Fashion / Fashion Feature

TikTok’s weird girls want you to lay down the “core” trends and wear what you like

weird girl aesthetic

Earlier in May, Twitter account @kaiageber started a dialogue about the recent "weird girl" aesthetic infiltrating TikTok and our Instagram feeds. They asked questions like "does it only work on Bella Hadid?" and "is it anti-fashion?" Both valid in their own right, but from where we're standing we can comfortably say no.

For one, the weird girl aesthetic is for everyone, and we'll never subscribe to the school of thought that only some people can pull a certain look off. This way of thinking kills self-expression, and what is fashion without a little risk-taking? The other thing is that while on first glance the aesthetic looks like a form of fashion absurdism, which wouldn't be misplaced in our current milieu, it's in fact the opposite. Weird girls love fashion. Let us explain. But first, what is a weird girl?

 

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What is the "weird girl" aesthetic?

To the untrained eye, the weird girl aesthetic has no reason or rhyme and can come across as fashion gobbledegook. Which is how it got its name in the first place; only someone from the outside looking in could call it weird. To be fair, it's a pastiche of all the "cores"; clashing gorpcore with ravecore with goblincore with angelcore and always with the addition of something off-kilter – a piece that makes you double take. Or maybe it's not a blend of all the cores at all? Perhaps, like myself, the weird girls are tired of the arbitrary boundaries of "core" trends, and are choosing chaos instead. Either way, I'm on board.

Anyway, if we're sticking with Bella Hadid as an example, recently she wore knee-high gym socks paired with pumps. That is something a weird girl would do.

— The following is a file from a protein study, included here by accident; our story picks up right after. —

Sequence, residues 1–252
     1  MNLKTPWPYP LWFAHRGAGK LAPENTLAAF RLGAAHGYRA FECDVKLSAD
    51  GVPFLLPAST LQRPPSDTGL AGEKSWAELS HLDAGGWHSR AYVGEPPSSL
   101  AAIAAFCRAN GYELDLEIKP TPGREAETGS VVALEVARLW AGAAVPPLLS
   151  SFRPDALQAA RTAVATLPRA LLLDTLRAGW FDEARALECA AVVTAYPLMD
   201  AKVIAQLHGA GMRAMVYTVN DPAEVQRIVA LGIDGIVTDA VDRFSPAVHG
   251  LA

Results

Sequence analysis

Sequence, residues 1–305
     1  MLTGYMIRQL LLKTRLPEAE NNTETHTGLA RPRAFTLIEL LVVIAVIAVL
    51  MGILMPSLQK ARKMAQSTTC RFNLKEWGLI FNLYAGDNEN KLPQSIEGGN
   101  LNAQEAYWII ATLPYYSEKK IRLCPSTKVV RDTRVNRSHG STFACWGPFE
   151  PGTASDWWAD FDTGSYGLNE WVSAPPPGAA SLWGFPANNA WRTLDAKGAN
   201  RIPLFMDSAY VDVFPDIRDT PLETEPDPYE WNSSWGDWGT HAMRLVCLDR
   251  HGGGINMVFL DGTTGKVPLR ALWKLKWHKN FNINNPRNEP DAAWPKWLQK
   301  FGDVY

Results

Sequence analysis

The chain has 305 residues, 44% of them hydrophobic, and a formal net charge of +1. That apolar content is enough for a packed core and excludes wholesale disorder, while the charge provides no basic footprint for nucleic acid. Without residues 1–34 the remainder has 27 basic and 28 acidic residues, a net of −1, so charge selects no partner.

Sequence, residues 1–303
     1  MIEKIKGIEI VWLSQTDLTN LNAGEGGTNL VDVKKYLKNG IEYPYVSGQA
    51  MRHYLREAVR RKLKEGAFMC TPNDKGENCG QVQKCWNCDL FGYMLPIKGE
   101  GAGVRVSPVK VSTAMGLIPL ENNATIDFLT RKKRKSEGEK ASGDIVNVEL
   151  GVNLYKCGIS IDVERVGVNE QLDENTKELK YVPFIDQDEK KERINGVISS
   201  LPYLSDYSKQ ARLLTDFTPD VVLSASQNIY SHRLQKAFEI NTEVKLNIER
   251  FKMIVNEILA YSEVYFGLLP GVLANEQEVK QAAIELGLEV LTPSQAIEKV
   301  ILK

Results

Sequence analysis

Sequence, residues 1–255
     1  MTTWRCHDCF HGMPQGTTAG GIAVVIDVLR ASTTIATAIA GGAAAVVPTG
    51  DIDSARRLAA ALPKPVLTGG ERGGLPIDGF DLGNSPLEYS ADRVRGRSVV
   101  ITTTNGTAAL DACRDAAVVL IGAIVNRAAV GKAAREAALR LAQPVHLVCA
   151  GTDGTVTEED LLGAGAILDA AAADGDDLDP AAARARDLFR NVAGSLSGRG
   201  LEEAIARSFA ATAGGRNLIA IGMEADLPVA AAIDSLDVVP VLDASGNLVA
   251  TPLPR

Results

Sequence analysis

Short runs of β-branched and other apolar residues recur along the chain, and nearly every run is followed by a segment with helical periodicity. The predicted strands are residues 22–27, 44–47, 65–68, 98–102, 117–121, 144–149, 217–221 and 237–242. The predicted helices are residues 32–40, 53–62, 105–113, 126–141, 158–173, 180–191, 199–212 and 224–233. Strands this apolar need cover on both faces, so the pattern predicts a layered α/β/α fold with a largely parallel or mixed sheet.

Maximalism is key for the trend. Weird girls love an accessory, be it arm warmers or ear muffs or ties – the more the merrier. They also love texture too, like knitted scarves or inexplicable layers. The look is heavy on nostalgic silhouettes like mini and midi skirts, cargo pants or skirts, track jackets, baby tees, vintage-era sneakers like Nike Shox or Adidas Sambas, chunky mary janes and heavy thigh-high boots. The body is a canvas and they are laying it on thick.

 

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Who is wearing the trend?

But, while many like to look to Bella Hadid as the matriarch of weird girls globally, I'd like to point out that your local weird girl was probably doing it first. Especially those who have a proven track record for loving throwback designer vintage and cult, what some would call "Instagram brands", like Maroske Peech, all is a gentle spring, Chet Lo or Olivia Rowan – basically anything you can find at Café Forgot in New York City or locally, Distal Phalanx. It's also a style that lends itself to thrifting. Throw in a couple of pieces from Marc Jacobs' Heaven line with a Hello Kitty motif or some Y2K styling, and there you have it. A recipe for the weird girl.

Aside from Hadid, other high profile weird girls marching to the beat of their own strange drum is actor Rowan Blanchard or Hunter Schafer. But you can find a whole community of them on TikTok under #weirdgirlaesthetic for inspiration.

 

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Origins of the weird girl aesthetic

To answer the question is: "is it anti-fashion?" At this point, it's evident that it just isn't. Weird girls love fashion so much, they want it all at once. But more so, because if we look at the early influences of the weird girl aesthetic, you'll find that it's so closely tied to the 90s and noughties street style found in Tokyo's hub of Harajuku. Led mostly by teens and street performers, the styles seen in Harajuku were largely documented in Fruits Magazine, a publication established in 1997 for that exact purpose. More importantly, this category of dressing has never been homogenous, with figures across all subcultures involved. In a lot of ways, it's the antithesis the cores we've been seeing crop up. It's so versatile and open to interpretation.

If there's a takeaway from the weird girl aesthetic, it's that it's okay not to define your style in any rigid sense. You can pull from all areas that fascinate you or oscillate between maximalism and minimalism. With a little creativity and clever styling, it's bound to work, and I stress, for everyone.

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